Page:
The American Mafia is an Italian-American criminal society. Similar to the Sicilian Mafia, the American Mafia is a secret criminal society without a formal name. Its members usually refer to it as Cosa Nostra or by its English translation "our thing". The press has also coined the name "National Crime Syndicate" to refer to the entirety of U.S. organized crime, including the Mafia.
The Mafia emerged in New York's Lower East Side and other areas of the East Coast of the United States during the late 19th century following waves of Italian immigration, especially from Sicily. It has its roots in the Sicilian Mafia, but is a separate organization in the United States. Neapolitan, Calabrian, and other Italian criminal groups, as well as independent Italian-American criminals, eventually merged with the Sicilians to create the modern pan-Italian Mafia in North America.
There have been about 24 cities around the United States with Cosa Nostra families, with many more offshoots, splinter groups and associates in other cities. There are five main New York City Mafia families, known as the Five Families. At its peak, the Mafia dominated organized crime in the U.S. While each crime family operates independently, nationwide coordination is provided by the Commission, which consists of the bosses of each of the strongest families.
Today most of the Mafia's activities are contained to the Northeastern United States and Chicago where they continue to dominate organized crime despite the increasing numbers of street gangs and other organizations that are not of Italian origin.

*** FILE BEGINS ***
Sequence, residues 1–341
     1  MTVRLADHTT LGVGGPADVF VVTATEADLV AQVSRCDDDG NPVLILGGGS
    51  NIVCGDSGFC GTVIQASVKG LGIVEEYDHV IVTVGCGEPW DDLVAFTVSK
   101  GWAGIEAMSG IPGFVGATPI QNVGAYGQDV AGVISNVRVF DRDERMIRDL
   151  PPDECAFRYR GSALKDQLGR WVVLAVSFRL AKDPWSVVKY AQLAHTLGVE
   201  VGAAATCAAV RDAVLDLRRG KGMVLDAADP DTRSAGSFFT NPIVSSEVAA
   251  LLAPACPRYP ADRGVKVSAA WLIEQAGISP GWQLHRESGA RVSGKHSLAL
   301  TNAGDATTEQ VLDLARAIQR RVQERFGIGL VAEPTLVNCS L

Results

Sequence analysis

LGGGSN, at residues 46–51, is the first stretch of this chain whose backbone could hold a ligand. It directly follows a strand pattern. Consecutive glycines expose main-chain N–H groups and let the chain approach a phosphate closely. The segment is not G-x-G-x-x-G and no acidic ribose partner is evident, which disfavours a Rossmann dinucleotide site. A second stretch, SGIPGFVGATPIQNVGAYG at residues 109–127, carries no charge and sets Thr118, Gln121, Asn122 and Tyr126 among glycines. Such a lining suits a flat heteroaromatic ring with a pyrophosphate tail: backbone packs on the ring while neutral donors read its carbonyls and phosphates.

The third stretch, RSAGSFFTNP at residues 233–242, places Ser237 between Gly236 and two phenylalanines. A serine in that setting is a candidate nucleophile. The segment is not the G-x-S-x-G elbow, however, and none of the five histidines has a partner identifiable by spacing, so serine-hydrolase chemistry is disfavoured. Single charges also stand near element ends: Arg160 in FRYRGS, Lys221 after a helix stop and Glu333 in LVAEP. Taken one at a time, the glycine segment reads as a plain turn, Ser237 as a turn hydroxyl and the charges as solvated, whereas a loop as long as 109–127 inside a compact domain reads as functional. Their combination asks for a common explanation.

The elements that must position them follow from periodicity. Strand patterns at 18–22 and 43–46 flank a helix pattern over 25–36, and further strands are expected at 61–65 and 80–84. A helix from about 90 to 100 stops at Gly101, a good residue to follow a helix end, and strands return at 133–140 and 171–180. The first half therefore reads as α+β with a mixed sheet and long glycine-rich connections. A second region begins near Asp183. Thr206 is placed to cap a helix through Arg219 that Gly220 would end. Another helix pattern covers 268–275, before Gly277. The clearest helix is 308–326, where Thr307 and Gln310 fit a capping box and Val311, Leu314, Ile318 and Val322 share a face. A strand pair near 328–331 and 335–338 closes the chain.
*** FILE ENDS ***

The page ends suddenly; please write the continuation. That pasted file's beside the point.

- "You were around the old timers - and meeting up on how the family should be organized. How they based them on the old Roman legions and called them regimes - the capos and the soldiers. And it worked."
"Yea, it worked. Those were the great old days you know. And we was like the Roman Empire. The Corleone Family was like the Roman Empire."
"It was once."
- ―Tom Hagen and Frank Pentangeli[src]
The Mafia is traditionally organized into a strong hierachy, heavily influenced by the ancient Roman army.
When a boss makes a decision, he rarely issues orders directly to workers who would carry it out, but instead passed instructions down through the chain of command. This way, the higher levels of the organization are insulated from law enforcement attention if the lower level members who actually commit the crime should be captured or investigated.
- The Don or overboss is the leader of a family — he controls the family's business and his word is law, none may refuse to carry out his will.
- The underboss is the second in command of the family — he organizes the family and carries out the Don's orders. He is often the one to take over the family if the Don should die, or be out of commission.
- The consigliere or counsellor is the right hand of the Don. He acts as an advisor for the Don, giving advice on how plans should be carried out and often also has knowledge of the law, to guide the Don on how to avoid prosecution.
- The caporegime or captain leads the soldiers of the family and is often the one who carries out the Don's orders and earns money from the rackets and other sources of income that he controls and gives a certain percentage to the Don. There are often several capos in a family, each leading a group of soldiers called a regime.
- The soldato or soldier is the lowest official member of a family and can only be of Italian background.
- The associate is not a made member, but is an outsider working for the family and is mostly controlled by the capo or soldier that he is connected to.